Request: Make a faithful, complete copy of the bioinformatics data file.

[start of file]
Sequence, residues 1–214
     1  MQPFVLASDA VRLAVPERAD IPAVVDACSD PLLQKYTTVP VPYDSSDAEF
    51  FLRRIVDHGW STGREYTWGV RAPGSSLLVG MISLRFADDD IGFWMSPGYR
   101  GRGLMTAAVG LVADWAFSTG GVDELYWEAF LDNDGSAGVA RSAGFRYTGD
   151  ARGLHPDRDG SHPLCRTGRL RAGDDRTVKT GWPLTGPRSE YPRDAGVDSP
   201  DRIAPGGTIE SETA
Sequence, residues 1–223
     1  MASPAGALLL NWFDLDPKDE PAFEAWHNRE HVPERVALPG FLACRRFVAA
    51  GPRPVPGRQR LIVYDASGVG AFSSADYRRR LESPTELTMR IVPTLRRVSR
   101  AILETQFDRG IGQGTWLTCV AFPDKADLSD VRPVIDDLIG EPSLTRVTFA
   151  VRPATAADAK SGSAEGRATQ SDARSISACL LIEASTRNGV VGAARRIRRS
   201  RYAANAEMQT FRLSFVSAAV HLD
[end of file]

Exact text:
Sequence, residues 1–214
     1  MQPFVLASDA VRLAVPERAD IPAVVDACSD PLLQKYTTVP VPYDSSDAEF
    51  FLRRIVDHGW STGREYTWGV RAPGSSLLVG MISLRFADDD IGFWMSPGYR
   101  GRGLMTAAVG LVADWAFSTG GVDELYWEAF LDNDGSAGVA RSAGFRYTGD
   151  ARGLHPDRDG SHPLCRTGRL RAGDDRTVKT GWPLTGPRSE YPRDAGVDSP
   201  DRIAPGGTIE SETA
Sequence, residues 1–223
     1  MASPAGALLL NWFDLDPKDE PAFEAWHNRE HVPERVALPG FLACRRFVAA
    51  GPRPVPGRQR LIVYDASGVG AFSSADYRRR LESPTELTMR IVPTLRRVSR
   101  AILETQFDRG IGQGTWLTCV AFPDKADLSD VRPVIDDLIG EPSLTRVTFA
   151  VRPATAADAK SGSAEGRATQ SDARSISACL LIEASTRNGV VGAARRIRRS
   201  RYAANAEMQT FRLSFVSAAV HLD